The web and TV retailer, formerly ShopHQ, grew e-commerce 0.3% in the first quarter.
While retail was generally flat last year, online retail’s growth rate continued its rapid upward climb, a Shop.org annual study conducted by Forrester Research reports.
While retail was generally flat last year, online retail’s growth rate continued its rapid upward climb. Among the 130 e-retailers surveyed in The State of Retailing Online 6.0, a Shop.org annual study conducted by Forrester Research Inc., sales rose 48% to $76 billion in 2002 over a year earlier. Included in the figures are sales of event tickets, travel and auction sales. Non-travel spending in 2002 was $43 billion and represented a 27% increase over the previous year.
At the same time that online sales continue to go up, so does the profitability of retailing web sites. The State of Retailing Online 6.0 reports that in 2002, 70% of retailers polled reported positive operating margins compared with 56% in 2001. Collectively, retailers broke even, compared with a loss of 6% in 2001.Forrester forecasts that online sales’ upward track will continue this year, predicting 26% growth to $96 billion. However, the bright forecast notwithstanding, online retail, as it matures, will begin to face some of the same challenges that offline retail does, analysts say. ComScore Networks’ weekly analysis of online consumer spending, for example, shows that online retail spending took a hit while consumers were distracted by the Iraq war (see box). Nevertheless, comScore’s data show consumer spending online is still ahead of last year, year to date, by about 20%. ComScore’s figures include travel and event tickets in addition to merchandise, but unlike Forrester’s numbers do not reflect auction sales.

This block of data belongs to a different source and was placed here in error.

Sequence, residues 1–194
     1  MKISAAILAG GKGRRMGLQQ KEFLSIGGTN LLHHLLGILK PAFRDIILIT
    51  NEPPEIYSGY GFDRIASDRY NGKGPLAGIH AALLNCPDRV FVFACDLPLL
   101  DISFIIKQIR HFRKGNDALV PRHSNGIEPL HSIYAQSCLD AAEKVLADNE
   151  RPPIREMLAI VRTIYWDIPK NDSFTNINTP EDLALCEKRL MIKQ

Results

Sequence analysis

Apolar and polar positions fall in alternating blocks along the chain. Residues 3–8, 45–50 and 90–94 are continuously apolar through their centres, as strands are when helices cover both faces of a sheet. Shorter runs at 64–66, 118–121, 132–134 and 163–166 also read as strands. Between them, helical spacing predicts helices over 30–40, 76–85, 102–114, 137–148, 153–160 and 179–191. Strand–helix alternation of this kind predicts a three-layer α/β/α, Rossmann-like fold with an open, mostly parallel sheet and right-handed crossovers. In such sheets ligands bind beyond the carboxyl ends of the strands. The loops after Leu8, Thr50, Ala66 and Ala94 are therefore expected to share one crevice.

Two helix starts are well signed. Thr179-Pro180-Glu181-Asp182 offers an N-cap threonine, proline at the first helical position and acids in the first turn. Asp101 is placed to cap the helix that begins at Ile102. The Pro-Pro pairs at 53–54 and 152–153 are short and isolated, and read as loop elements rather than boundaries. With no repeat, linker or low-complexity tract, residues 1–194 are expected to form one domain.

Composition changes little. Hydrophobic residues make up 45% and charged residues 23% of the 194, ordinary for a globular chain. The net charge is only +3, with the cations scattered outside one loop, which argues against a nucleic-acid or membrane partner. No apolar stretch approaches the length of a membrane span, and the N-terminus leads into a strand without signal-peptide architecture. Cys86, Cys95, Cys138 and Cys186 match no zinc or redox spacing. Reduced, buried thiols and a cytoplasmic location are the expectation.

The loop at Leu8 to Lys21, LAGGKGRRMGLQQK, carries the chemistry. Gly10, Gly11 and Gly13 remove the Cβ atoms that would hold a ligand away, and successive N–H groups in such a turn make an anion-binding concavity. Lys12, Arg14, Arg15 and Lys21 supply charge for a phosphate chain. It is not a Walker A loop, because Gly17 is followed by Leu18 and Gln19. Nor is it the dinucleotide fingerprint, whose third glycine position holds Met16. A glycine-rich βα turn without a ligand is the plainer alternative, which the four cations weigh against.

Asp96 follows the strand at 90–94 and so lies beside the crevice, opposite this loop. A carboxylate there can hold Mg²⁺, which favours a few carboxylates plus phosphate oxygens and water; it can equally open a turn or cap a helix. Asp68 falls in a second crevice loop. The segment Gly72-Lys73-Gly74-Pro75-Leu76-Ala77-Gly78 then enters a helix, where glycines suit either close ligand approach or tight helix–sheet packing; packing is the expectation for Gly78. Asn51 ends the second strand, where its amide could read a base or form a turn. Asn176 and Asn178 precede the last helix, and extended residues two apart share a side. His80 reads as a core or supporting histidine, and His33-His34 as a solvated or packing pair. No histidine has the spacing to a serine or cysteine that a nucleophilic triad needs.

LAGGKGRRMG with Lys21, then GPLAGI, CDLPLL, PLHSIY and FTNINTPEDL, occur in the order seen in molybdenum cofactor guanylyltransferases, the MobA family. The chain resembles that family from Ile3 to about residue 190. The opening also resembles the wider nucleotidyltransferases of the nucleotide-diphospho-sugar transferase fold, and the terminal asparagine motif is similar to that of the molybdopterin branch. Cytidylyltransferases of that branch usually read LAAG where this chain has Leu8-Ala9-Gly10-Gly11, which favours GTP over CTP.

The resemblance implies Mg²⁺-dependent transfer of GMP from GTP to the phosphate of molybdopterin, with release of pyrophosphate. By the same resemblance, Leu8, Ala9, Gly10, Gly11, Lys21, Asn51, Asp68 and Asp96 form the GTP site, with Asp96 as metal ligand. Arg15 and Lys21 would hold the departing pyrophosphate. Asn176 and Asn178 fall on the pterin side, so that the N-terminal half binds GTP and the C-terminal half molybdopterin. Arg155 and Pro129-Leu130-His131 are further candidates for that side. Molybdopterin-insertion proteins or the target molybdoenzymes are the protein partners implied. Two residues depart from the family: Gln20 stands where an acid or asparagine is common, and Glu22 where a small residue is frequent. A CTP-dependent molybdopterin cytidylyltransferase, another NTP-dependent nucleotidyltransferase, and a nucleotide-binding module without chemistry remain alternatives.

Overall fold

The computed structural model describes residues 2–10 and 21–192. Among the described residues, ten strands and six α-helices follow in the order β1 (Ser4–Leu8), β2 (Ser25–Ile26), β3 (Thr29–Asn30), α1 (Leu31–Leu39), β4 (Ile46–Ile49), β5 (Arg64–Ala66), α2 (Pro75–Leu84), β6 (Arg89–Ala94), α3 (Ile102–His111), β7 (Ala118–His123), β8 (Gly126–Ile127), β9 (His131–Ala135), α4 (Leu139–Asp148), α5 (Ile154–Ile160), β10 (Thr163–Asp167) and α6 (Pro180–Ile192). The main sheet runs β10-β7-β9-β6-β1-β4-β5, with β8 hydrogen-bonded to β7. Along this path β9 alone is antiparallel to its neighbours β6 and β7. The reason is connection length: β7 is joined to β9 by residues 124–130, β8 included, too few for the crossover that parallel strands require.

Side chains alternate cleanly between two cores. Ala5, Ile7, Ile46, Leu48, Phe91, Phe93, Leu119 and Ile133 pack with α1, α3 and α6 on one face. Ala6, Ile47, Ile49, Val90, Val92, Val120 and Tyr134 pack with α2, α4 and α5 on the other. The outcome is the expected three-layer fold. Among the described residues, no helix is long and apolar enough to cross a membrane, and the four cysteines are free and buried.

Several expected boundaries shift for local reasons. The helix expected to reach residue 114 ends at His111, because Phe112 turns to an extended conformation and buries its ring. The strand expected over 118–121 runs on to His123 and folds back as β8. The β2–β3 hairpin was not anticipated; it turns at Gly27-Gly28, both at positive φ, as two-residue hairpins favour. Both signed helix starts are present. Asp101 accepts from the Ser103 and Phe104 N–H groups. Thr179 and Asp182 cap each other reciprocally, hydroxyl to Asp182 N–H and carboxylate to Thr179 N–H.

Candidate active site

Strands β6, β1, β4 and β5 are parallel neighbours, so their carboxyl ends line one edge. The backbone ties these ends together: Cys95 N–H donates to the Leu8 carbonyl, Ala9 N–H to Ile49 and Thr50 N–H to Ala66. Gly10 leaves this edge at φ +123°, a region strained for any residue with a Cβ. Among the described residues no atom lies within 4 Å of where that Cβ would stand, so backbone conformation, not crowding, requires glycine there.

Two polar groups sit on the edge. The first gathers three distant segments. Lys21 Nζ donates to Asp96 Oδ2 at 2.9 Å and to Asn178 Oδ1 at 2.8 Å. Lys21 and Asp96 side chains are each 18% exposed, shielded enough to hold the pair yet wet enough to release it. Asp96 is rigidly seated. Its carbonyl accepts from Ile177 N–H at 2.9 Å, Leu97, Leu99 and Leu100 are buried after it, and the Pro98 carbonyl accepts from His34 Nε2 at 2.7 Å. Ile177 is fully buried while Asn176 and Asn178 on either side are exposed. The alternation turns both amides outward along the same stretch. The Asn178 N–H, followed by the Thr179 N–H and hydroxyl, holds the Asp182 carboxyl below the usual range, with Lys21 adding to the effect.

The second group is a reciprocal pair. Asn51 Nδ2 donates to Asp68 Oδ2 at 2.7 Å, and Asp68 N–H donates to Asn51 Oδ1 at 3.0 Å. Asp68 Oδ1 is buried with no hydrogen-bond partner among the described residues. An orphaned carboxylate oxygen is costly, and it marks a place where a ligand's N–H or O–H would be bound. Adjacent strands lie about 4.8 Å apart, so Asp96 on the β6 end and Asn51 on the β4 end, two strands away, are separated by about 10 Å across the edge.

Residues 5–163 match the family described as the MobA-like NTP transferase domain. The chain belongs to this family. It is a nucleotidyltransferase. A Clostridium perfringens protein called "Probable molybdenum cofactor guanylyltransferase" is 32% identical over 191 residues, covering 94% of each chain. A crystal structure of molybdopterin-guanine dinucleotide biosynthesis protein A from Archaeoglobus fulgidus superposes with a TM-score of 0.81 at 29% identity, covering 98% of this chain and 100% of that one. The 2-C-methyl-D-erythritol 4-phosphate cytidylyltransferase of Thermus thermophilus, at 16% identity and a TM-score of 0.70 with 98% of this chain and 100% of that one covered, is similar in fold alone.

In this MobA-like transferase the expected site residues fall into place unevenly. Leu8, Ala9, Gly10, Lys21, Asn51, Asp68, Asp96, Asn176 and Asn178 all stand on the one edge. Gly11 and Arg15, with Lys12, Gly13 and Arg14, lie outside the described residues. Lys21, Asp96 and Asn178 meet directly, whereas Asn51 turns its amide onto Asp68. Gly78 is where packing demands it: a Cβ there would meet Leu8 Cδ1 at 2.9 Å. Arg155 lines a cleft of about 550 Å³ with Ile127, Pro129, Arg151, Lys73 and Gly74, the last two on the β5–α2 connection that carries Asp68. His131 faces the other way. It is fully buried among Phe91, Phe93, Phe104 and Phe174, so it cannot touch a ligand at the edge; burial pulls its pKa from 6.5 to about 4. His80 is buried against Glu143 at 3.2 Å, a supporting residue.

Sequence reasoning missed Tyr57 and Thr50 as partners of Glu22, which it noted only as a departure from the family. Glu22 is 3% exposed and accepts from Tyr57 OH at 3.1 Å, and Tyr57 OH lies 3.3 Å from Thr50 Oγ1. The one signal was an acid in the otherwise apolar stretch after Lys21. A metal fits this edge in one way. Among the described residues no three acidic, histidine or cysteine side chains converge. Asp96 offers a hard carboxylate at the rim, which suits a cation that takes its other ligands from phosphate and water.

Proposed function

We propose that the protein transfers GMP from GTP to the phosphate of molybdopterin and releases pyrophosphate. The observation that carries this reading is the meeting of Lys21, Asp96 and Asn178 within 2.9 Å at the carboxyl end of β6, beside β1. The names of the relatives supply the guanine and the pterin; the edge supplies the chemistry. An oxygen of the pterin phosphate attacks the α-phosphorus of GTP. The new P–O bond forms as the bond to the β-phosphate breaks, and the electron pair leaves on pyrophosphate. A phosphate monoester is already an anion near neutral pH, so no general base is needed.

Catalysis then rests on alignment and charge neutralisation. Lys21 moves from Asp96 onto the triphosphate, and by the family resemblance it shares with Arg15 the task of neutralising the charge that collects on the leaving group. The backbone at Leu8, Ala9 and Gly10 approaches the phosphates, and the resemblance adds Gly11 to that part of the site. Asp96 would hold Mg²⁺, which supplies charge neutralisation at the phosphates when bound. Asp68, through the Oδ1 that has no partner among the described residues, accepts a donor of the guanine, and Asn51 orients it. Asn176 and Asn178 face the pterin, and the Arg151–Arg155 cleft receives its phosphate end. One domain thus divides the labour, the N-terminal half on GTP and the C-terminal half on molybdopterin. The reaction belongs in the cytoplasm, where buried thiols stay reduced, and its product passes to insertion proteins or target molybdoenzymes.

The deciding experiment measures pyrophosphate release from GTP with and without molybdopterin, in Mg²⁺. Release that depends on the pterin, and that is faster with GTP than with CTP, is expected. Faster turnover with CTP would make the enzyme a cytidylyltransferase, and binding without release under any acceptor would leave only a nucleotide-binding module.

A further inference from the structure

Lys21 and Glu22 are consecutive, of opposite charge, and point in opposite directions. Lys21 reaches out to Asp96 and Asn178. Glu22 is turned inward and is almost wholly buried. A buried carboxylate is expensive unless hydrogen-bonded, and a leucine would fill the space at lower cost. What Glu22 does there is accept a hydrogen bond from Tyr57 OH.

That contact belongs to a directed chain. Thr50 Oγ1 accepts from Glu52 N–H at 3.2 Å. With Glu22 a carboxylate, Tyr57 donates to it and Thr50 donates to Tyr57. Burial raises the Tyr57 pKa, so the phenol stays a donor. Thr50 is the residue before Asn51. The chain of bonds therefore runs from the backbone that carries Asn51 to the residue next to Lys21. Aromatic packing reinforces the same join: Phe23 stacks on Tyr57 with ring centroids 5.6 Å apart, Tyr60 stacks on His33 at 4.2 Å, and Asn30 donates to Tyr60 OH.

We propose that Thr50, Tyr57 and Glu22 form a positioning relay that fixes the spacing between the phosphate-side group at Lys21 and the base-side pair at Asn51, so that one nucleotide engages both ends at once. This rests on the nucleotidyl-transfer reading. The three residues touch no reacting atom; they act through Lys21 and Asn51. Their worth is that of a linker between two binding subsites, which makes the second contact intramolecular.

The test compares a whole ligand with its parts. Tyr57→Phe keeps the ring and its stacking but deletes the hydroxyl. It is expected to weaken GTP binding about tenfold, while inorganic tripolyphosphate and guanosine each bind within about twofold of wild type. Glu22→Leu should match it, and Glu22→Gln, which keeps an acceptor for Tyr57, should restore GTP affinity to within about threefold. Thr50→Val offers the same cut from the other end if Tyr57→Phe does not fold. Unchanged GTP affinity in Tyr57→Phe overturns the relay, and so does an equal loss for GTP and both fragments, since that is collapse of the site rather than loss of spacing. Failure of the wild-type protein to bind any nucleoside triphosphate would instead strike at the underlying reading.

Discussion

Helping to drive those increases are retailers’ efforts to tighten the integration of multiple channels, Shop.org’s study shows. As evidence, most of the retailers surveyed say they’ve invested in technology to improve the shopping experience. 63% have upgraded inventory management systems, 40% now offer in-store inventory availability through their web sites, while 78% offer in-store returns for items purchased online.
And more retailers are tracking shoppers’ behavior across channels to justify that investment. Among the retailers polled, 46% of their online customers also purchase from them offline, while 17% of offline customers say they’ve also purchased online. In addition to direct online sales, these retailers say the web influences 15% of their offline sales.
“The growth of the online channel has ushered in a new era in retailing, which makes shopping more accessible to consumers and improves the overall shopping experience,” says Scott Silverman, executive director of Shop.org. “Consumers are embracing multi-channel retailing, and retailers are enjoying growth and increased loyalty as a result.”